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Arterioscler Thromb Vasc Biol. 1997 Nov;17(11):3092-101.

Comparison of the genetic defect with LDL-receptor activity in cultured cells from patients with a clinical diagnosis of heterozygous familial hypercholesterolemia. The Familial Hypercholesterolaemia Regression Study Group.

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Lipoprotein Team, Hammersmith Hospital, London, UK.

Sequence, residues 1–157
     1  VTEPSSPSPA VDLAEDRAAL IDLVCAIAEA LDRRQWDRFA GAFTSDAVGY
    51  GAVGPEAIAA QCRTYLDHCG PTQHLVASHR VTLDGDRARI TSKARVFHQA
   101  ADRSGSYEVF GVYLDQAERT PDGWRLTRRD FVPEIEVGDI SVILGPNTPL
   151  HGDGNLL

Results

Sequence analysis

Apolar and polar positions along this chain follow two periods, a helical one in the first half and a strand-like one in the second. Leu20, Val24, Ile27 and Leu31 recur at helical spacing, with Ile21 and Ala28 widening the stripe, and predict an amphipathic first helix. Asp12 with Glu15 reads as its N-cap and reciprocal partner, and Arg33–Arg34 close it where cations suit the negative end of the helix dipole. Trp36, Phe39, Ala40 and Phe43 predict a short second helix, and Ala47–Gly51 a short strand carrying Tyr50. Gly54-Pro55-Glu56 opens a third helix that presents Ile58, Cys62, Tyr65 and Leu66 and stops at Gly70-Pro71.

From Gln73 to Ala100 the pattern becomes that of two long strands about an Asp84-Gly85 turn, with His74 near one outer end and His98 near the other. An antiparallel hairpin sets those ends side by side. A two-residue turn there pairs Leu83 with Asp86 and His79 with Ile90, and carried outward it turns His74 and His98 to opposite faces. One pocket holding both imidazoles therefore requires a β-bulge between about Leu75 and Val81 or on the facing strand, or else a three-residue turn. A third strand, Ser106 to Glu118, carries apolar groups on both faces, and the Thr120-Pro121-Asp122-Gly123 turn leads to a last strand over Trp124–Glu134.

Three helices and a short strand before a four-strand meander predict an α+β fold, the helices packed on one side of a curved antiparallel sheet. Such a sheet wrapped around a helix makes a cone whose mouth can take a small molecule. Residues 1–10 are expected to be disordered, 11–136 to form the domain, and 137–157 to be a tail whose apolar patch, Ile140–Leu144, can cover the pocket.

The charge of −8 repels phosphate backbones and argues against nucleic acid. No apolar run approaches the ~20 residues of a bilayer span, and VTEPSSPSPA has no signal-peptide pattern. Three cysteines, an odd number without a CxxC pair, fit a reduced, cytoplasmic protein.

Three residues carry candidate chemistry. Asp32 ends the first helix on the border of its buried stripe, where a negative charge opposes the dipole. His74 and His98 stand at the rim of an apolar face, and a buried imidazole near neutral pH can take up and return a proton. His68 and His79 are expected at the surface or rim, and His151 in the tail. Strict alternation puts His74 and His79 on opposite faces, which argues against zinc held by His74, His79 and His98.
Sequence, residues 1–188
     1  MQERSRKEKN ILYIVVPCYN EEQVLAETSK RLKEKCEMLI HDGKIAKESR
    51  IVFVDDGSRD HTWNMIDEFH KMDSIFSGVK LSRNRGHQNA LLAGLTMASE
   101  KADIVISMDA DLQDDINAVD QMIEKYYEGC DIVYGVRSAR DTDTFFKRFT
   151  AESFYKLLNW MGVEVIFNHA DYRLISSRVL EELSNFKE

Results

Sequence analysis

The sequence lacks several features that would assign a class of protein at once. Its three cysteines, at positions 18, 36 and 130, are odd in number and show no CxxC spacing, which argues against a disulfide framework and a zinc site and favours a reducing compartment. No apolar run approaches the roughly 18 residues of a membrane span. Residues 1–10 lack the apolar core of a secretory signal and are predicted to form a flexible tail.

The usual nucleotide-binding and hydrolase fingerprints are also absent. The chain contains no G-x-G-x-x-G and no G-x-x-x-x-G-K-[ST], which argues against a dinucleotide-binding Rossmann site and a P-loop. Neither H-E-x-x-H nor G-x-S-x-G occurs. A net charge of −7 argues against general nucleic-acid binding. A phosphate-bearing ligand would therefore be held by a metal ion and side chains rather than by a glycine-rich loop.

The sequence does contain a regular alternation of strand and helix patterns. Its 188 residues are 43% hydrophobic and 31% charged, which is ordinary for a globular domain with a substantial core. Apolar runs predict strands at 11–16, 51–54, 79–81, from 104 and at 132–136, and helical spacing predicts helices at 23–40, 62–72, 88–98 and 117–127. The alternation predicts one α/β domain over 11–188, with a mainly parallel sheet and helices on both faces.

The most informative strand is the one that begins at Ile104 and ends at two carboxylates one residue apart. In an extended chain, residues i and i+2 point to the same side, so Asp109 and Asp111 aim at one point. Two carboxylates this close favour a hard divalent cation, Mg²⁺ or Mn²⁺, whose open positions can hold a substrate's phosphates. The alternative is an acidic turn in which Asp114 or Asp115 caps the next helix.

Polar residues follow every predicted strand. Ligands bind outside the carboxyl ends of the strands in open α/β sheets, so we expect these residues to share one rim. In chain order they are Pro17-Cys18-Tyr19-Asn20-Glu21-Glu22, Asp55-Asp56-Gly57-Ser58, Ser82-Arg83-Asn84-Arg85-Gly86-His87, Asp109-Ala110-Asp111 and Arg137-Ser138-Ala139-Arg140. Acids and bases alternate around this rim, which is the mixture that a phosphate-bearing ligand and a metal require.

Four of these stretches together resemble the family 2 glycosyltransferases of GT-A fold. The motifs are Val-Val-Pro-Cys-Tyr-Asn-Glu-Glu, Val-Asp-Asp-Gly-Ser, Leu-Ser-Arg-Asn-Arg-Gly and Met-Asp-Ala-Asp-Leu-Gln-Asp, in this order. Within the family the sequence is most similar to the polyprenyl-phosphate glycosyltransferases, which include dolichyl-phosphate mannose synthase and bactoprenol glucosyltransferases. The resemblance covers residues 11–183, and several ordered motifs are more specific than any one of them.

In this study we have analyzed the genetic defect in 42 patients with a diagnosis of heterozygous familial hypercholesterolemia (FH) by Southern blotting, SSCP, and sequencing of PCR-amplified fragments of genomic DNA or sequencing of RT-PCR products from mRNA in cultured cells. The apoB Arg3500Gln mutation was identified in five patients. A molecular defect in the LDL-receptor gene was confirmed in 23 patients; 16 of these mutations have not been described before. No defect in the coding region, intron:exon junctions or proximal promoter of the LDL-receptor gene or in the region of the apoB gene coding for the LDL-receptor binding domain was found in the remaining 14 patients. LDL-receptor activity and protein content of cultured lymphoblasts from the patients was significantly lower in cells from patients with severe rather than mild LDL-receptor mutations. Cells from four patients with no detectable defect showed reduced LDL receptor activity compared with eight normal cell lines, whereas six others had reduced LDL-receptor activity but LDL-receptor protein content within the normal range. Cells from four patients appeared to have normal LDL-receptor function. Cells from two patients with a defined defect also had LDL-receptor activity within the normal range. The findings demonstrate the problems involved in the genetic diagnosis of FH in patients.

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